F O T O, poems 51 - 60
|Martingården, at Nybyn, Överkalix|
[Image source: https://www.tripadvisor.co.uk/Tourism-g800223-Overkalix_Norrbotten_County-Vacations.html]
51. (Sparkstötting, cartwheels, anchor ― Överkalix)
The last generation of the old kit
is lovely decaying among the flowers.
Peasant — aristocrat. Against much logic
the trace of your famished life fed my eyes.
52. (In the cafe/junkshop, Överkalix ― for Rachel)
Drawers striped with dust, old annuals, kettles, handles;
a tea-mist forms, but you’d brighten it Rachel,
you who quarry the auction browns with warm eyes,
no sentiment of loss. Everything’s up for renewal.
53. (On the drive south)
The stitches out, 600 miles of rain, our last wee-halt
in the woods that smell of humus, then Utanede by midnight.
Back seat dark, still warm. Dad’s hand on the wheel,
plump with bandages, roosts... no. ― is bright and alert.
54. (Brushing my teeth in the garden)
Dawn sat in the ghost-farm; perhaps took coffee...
Shadows have pates now: flowers inch open.
An insect whirrs at the grille. Peeking out,
the aspen is glittering. I stumbled into the sun.
55. (Mum in the hammock)
For two minutes and a photograph
you put your feet up. Green morning sunshine.
For eight seconds you gazed across the valley,
swaying between a birch and pine, wishing nothing.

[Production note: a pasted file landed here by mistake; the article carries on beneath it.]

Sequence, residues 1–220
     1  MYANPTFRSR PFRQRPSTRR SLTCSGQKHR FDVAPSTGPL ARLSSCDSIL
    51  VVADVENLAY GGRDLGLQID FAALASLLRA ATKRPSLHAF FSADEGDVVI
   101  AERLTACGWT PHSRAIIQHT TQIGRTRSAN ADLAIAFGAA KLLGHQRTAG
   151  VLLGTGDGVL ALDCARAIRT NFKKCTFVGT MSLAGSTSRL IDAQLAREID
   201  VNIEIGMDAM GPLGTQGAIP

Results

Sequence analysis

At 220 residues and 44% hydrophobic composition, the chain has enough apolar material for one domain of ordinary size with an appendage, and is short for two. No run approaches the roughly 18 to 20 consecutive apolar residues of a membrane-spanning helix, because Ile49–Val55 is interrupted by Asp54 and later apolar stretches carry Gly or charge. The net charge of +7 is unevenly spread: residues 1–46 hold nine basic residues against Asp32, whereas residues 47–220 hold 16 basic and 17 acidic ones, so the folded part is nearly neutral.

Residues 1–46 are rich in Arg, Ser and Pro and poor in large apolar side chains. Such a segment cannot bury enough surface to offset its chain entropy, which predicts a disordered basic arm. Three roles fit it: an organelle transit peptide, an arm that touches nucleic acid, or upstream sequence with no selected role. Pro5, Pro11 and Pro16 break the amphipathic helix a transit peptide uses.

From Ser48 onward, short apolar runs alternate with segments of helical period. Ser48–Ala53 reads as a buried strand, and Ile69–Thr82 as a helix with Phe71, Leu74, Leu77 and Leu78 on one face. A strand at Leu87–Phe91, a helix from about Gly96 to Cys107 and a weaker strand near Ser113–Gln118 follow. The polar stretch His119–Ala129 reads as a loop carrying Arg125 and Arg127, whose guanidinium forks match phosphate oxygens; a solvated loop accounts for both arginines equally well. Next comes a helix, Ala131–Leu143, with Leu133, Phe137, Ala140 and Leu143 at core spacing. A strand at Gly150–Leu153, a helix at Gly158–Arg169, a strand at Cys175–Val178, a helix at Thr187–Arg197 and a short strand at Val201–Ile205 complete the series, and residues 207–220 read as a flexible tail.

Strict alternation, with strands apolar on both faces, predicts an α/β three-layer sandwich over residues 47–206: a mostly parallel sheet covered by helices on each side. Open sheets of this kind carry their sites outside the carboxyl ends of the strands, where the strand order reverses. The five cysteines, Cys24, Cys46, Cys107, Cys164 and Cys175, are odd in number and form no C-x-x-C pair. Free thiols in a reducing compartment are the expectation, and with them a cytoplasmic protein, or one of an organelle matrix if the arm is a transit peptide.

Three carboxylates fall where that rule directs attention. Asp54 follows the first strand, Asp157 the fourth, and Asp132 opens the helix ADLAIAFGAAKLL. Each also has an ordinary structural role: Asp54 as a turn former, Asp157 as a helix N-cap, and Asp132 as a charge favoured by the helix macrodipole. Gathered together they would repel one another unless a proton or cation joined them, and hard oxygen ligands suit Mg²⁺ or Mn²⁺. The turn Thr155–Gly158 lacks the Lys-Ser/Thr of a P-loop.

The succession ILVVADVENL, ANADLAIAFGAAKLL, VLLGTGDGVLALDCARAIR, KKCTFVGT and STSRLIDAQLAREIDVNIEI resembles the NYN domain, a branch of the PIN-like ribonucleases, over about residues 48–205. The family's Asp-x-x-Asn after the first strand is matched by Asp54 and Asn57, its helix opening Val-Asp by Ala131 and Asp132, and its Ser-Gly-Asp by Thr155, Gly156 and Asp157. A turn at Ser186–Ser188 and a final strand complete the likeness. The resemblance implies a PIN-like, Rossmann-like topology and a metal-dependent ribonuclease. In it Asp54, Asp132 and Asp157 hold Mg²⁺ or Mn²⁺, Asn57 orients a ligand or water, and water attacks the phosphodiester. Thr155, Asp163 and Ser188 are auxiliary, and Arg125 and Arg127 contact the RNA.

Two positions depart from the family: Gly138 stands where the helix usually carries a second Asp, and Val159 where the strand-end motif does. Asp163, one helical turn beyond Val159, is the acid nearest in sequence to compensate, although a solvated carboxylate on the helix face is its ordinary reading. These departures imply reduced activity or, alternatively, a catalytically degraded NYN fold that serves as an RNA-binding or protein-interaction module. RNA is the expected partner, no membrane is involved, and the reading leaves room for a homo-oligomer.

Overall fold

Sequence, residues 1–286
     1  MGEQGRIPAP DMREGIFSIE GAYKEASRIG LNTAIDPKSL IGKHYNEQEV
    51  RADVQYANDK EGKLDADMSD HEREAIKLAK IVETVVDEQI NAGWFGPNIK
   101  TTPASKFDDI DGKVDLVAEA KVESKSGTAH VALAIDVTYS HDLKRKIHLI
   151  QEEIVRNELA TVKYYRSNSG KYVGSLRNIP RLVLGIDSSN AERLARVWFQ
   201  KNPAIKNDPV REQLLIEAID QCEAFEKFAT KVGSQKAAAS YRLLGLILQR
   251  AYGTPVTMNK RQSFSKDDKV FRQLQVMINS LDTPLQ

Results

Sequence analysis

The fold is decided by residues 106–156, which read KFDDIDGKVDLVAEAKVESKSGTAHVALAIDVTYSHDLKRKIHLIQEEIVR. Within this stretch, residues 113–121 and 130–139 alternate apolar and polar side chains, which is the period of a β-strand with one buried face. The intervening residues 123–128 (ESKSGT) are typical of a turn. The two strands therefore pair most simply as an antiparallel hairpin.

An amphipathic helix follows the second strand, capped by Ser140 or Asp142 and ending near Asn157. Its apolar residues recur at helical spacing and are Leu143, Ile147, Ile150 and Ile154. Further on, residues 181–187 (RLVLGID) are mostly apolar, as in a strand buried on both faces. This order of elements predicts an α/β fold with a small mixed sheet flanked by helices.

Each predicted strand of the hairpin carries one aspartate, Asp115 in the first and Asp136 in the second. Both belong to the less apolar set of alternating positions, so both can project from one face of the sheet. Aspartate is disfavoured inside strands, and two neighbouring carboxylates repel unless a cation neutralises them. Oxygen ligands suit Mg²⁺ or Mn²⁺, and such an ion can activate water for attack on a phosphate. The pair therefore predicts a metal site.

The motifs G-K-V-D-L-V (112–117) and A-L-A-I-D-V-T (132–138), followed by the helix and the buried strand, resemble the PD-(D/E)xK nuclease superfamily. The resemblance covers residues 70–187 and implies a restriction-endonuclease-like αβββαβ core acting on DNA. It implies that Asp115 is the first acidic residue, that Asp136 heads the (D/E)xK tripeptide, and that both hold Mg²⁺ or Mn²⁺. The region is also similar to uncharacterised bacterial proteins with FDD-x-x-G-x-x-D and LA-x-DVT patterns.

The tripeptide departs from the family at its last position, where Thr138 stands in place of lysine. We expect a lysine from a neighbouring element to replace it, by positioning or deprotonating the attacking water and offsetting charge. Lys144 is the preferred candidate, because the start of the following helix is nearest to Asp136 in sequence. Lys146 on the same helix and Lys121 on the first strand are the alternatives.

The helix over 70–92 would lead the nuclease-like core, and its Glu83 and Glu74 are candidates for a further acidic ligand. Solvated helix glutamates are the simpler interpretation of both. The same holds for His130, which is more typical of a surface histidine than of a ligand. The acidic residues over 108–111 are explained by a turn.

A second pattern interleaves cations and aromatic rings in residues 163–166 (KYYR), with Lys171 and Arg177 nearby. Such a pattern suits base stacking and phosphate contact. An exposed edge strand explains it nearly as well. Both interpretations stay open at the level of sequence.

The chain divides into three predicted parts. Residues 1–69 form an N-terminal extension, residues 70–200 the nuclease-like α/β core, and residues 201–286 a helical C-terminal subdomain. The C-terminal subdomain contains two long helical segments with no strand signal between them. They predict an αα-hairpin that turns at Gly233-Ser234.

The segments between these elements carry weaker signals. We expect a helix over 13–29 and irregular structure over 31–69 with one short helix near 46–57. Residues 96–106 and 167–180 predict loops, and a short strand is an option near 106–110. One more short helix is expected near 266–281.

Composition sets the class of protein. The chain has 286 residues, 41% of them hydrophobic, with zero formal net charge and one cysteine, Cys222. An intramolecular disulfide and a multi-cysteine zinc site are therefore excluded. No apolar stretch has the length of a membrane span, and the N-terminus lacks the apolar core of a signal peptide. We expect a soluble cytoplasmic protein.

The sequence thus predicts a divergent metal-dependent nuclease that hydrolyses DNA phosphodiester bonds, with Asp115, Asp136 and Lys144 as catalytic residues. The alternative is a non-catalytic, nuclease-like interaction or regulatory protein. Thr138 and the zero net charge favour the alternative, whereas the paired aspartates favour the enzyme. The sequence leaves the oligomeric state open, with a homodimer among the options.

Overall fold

Corner snipped, the carton pumped in my hand,
& the fil flopped into itself in the bowl.
So lovely and white, my spoon hovered,
a bather on the brink. Then I dogged it all.
57. (Dad chopping kindling)
You’ve thought of it all week, the treacherous block
where the axe clanged and split your hand.
Now you have to go back. To do what you dreamt, in shock,
in the muddle of blood: be calm and it’s gone, you rewind...
58. (Sickling the garden)
The hip-high grass, the wineglass bellflowers
toppled, strewn hither and thither. A rake rasps
bouncing on the cellar slopes. They drank their saft
and swished, from the rust-red walls, stray wisps...
59. (Eyes closed in hammock)
The sun lurches, and the ground tilts, the red cottage;
you shove off, and go sleeping on the wing.
Under your eyelids, the day broadens.
Deep in your shadows, how loud the birds sing!
60. (Sawing logs)
Chock. I wiped the saw with a clout of grass,
its hot teeth resiny. Racked in the shed, all mine:
so long may I read and dance, so many winter days!
(But their records go on playing: sap, sweat, rain...)
Back-story. 51-53. The road trip ends, with a day of driving through steady rain. Brief stop for coffee and a loppis at Överkalix in Norrbotten.
53, 57. While L. and I were cycling round Abisko (37 - 50), my dad was at a hospital in Kiruna having the stitches taken out of his hand, following a recent accident with an axe.
54. Waking up in the morning at the summer cottage in Utanede, last seen in Poem 2. This is the locale for the rest of the sequence. Fine weather suddenly, after a very wet summer. Time for the outdoor chores (57, 58, 60).
54. The ghost-farm. An abandoned building on the fringe of the village, hence higher up the slope of the river valley and catching the morning sun earlier. The rural villages of Jämtland (like rural areas elsewhere) are reduced in population; empty buildings are commonplace.
56. Långfil. A regional variety of fermented milk with added butterwort, which gives it a ropy texture (hence "long fil").